As I sit in a reproduction of Marcel Breur’s modernist Wassily chair a giant teddy bear with stuffing spilling out of its stomach moves slowly by. A pair of taxidermy pigeons soon follow, as plinth after plinth of absurd or banal objects move around a circular conveyor belt, only visible one at a time through a one metre window in the wall. The feeling is one of overwhelming calm, interrupted only by moments of bemusement or confusion.
Next to me, an accompanying book includes descriptions and anecdotes attached to each of these 32 objects. A troupe of Playmobil figures – “a selection of hybrid, mutant characters made by the artist and his children” – for example, are attached to the artist’s memory of a fancy dress party. This is Ryan Gander at his finest.
Fieldwork, as the installation is known, is drawn from a personal collection of objects Ryan has amassed as the result of his compulsive collecting. It’s a thoroughly original, strangely beautiful work of storytelling, and a standout at the sprawling British Art Show 8, which is currently exhibiting across three venues in Edinburgh.
Now in its eighth edition, the British Art Show is a survey of some of the most influential and current art in the UK and continues to reflect trends in art, as well as the growing number of artists who qualify as British. This year throws up questions about the closing gap between the real and the virtual worlds we live in, and by extension where that leaves material culture.
The exhibition identity and its bespoke typeface have been designed by none other than Fraser Muggeridge.
Opening the show at the Scottish National Gallery of Modern Art, German-born, London-based artist Andrea Büttner has paired the world of modern philosophy with online image libraries for 11 offset prints. Critique of the Power of Judgement, named after Immanuel Kant’s philosophical work of the same name, draws on the philosopher’s personal library, as well as Wikimedia and Flickr to represent images referred to by his writings on aesthetics. Her work sets the tone for much of the work on display at BAS8’s other two Edinburgh venues, Inverleith House in the Royal Botanic Garden Edinburgh, and the University of Edinburgh’s Talbot Rice Gallery.
Of the 42 artists exhibiting in BAS8, a surprising number also involve text-based art or works with a strong typographic element. Typographer Will Holder has produced hand-drawn wall text and a number of short texts by American poet Susan Howe are dotted throughout the three exhibition venues. Just as Howe had originally appropriated her poems from display case labels at a memorial museum in Salt Lake City, Holder has worked with staff from from BAS8’s tour venues and created small, text-based works drawing on pieces in their collections by female artists.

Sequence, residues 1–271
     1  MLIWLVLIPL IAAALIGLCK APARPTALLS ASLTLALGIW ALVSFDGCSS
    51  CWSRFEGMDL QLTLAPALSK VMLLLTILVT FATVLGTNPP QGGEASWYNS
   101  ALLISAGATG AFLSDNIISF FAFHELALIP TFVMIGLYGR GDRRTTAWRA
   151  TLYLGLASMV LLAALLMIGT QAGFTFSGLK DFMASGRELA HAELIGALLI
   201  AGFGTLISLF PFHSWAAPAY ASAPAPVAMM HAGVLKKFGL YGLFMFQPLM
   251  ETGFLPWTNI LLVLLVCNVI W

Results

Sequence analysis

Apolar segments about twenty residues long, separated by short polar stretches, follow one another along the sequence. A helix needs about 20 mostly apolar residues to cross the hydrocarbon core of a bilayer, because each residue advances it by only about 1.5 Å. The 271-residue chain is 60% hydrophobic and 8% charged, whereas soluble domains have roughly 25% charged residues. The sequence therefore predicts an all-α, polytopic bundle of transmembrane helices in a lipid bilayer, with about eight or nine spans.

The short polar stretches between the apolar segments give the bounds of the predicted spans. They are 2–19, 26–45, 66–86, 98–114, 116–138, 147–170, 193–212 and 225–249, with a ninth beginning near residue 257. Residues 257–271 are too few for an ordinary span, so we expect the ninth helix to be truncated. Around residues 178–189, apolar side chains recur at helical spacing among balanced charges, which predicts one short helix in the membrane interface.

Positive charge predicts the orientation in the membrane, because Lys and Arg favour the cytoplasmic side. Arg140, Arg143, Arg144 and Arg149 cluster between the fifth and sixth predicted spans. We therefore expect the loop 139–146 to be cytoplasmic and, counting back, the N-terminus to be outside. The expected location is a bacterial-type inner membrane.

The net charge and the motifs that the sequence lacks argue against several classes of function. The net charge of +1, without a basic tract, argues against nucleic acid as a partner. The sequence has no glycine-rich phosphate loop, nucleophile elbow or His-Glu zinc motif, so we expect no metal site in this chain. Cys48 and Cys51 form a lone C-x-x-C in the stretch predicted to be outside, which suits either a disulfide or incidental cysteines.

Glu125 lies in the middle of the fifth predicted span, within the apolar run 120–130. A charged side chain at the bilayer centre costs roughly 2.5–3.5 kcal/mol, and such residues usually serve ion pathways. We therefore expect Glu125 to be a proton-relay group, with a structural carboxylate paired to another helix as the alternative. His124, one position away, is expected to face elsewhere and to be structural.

Another text-based piece is Glasgow-based artist Charlotte Prodger’s multi-monitor video installation at Inverleith House, which continues her tradition of putting together narrative fragments, whether from found text, personal emails or internet forums. Northern Dancer looks at the naming of racehorses by combining the names of the foal’s parents. The piece sees names flash across four screens at varying points, while an accompanying voiceover describes modernist writer Gertrude Stein who, scorned by her former lover May Bookstaver, bitterly and painstakingly removed all incidences of the word “may” from one of her manuscripts.
“Too ephemeral” was how one gallery-goer described it, but as “Sudden Impulse” and “Sweet Embrace” flicker across the screens in bold, white type, one is unable to shake off the doggedness of Stein replacing every “may” with “can”. It’s worth bearing in mind this was long before the replace all function on Microsoft Word.
Downstairs in the basement of Inverleith House is Patrick Staff’s film The Foundation, the result of his time spent at the Tom of Finland Foundation in Los Angeles. Exploring the community dedicated to the life and work of the artist and illustrator best known for his homoerotic drawings, the film combines documentary footage, interviews and experimental dance. The objective, Staff explains, was not to make a film about “that place, the people or Tom himself”, but “something made with all of them.” It’s a slightly jarring inclusion in some ways, but a worthy one that transplants a queer presence from LA to BAS8.
As a survey show, there is no overarching narrative in BAS8, no build. It has been curated as such that each show in its three Edinburgh venues can stand alone as exhibitions, but the ideas the show explores around materiality, objects and communication are really nothing more than the perennial questions in art. Other works include those by Linder, Broomberg & Chanarin, Cally Spooner and Jesse Wine.
Standing in stark contrast to the meditative lull of Ryan Gander’s Fieldwork inventory, Benedict Drew’s chaotic audiovisual work Sequencer fills Talbot Rice Gallery’s entire Georgian Gallery. From reconstituted foam wrapped around neoclassical columns to video triptychs, its pyschedlic assault on the senses is most deliberately offset by the installation’s perfect symmetry, which echoes the orderly architecture of the gallery. In between multiple projections one can stand in the middle of three screens, each showing a stream of air being blown into paint, while headphones pick up sound from a pair of plastic ears on the other side of the gallery.
Here the postmodern meets the primordial, and as the installation delves into the way technology mediates our relationship to the natural world, it calls to mind an idea of the technological sublime, bringing us full circle back to Kant, who characterised the sublime as that which is both terrifying and beautiful.
British Art Show 8 is on across Edinburgh until 8 May before opening in Norwich in June, and in Southampton in October.